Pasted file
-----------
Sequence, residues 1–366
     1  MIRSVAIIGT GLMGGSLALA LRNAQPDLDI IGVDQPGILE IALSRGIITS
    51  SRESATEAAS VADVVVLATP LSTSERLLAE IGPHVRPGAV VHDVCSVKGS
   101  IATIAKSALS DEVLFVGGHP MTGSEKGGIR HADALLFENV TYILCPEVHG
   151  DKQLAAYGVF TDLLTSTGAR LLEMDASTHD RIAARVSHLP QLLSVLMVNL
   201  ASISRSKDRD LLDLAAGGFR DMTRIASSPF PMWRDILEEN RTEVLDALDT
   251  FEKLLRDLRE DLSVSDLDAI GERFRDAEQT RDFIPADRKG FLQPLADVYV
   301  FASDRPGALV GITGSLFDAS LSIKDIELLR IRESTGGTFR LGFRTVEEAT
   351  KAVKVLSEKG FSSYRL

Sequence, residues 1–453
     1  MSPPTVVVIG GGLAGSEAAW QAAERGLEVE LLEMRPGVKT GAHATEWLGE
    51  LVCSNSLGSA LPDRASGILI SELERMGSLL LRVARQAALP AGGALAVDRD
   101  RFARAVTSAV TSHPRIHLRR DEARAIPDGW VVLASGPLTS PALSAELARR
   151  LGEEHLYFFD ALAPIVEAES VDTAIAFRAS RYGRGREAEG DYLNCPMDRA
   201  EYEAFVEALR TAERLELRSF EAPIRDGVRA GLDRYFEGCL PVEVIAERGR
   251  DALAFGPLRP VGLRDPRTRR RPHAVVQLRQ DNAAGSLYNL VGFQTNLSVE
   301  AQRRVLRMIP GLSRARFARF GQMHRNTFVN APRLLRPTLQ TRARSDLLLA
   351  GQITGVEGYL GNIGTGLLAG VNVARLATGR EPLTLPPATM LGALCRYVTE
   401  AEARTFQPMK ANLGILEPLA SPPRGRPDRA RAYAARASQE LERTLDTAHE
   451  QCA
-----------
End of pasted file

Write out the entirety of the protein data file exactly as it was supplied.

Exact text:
Sequence, residues 1–366
     1  MIRSVAIIGT GLMGGSLALA LRNAQPDLDI IGVDQPGILE IALSRGIITS
    51  SRESATEAAS VADVVVLATP LSTSERLLAE IGPHVRPGAV VHDVCSVKGS
   101  IATIAKSALS DEVLFVGGHP MTGSEKGGIR HADALLFENV TYILCPEVHG
   151  DKQLAAYGVF TDLLTSTGAR LLEMDASTHD RIAARVSHLP QLLSVLMVNL
   201  ASISRSKDRD LLDLAAGGFR DMTRIASSPF PMWRDILEEN RTEVLDALDT
   251  FEKLLRDLRE DLSVSDLDAI GERFRDAEQT RDFIPADRKG FLQPLADVYV
   301  FASDRPGALV GITGSLFDAS LSIKDIELLR IRESTGGTFR LGFRTVEEAT
   351  KAVKVLSEKG FSSYRL

Sequence, residues 1–453
     1  MSPPTVVVIG GGLAGSEAAW QAAERGLEVE LLEMRPGVKT GAHATEWLGE
    51  LVCSNSLGSA LPDRASGILI SELERMGSLL LRVARQAALP AGGALAVDRD
   101  RFARAVTSAV TSHPRIHLRR DEARAIPDGW VVLASGPLTS PALSAELARR
   151  LGEEHLYFFD ALAPIVEAES VDTAIAFRAS RYGRGREAEG DYLNCPMDRA
   201  EYEAFVEALR TAERLELRSF EAPIRDGVRA GLDRYFEGCL PVEVIAERGR
   251  DALAFGPLRP VGLRDPRTRR RPHAVVQLRQ DNAAGSLYNL VGFQTNLSVE
   301  AQRRVLRMIP GLSRARFARF GQMHRNTFVN APRLLRPTLQ TRARSDLLLA
   351  GQITGVEGYL GNIGTGLLAG VNVARLATGR EPLTLPPATM LGALCRYVTE
   401  AEARTFQPMK ANLGILEPLA SPPRGRPDRA RAYAARASQE LERTLDTAHE
   451  QCA